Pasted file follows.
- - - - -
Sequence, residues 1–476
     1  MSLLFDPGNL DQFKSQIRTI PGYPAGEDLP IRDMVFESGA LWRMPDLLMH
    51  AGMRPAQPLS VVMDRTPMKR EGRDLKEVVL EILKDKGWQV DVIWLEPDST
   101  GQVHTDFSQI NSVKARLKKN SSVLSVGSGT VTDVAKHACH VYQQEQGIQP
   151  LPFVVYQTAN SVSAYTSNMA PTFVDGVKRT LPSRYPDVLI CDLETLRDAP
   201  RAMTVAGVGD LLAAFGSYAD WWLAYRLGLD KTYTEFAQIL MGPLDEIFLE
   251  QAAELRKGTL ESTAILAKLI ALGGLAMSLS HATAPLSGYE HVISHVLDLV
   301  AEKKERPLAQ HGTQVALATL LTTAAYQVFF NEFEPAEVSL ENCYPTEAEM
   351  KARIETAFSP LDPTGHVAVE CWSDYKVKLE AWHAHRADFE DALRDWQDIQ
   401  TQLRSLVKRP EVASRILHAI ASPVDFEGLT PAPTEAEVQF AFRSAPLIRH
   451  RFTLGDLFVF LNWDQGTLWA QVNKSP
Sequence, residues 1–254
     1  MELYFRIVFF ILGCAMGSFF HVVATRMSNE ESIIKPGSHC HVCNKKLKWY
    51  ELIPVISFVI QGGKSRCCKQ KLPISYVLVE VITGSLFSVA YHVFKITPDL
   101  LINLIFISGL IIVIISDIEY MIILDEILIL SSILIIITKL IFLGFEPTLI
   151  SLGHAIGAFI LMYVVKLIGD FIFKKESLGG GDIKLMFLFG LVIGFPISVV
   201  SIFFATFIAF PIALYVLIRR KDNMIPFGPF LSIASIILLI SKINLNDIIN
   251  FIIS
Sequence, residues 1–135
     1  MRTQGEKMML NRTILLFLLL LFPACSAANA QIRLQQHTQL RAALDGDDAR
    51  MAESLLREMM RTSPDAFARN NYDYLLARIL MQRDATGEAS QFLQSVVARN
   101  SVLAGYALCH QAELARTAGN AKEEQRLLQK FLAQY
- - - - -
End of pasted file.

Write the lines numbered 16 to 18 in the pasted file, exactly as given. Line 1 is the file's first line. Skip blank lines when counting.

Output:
   151  SLGHAIGAFI LMYVVKLIGD FIFKKESLGG GDIKLMFLFG LVIGFPISVV
   201  SIFFATFIAF PIALYVLIRR KDNMIPFGPF LSIASIILLI SKINLNDIIN
   251  FIIS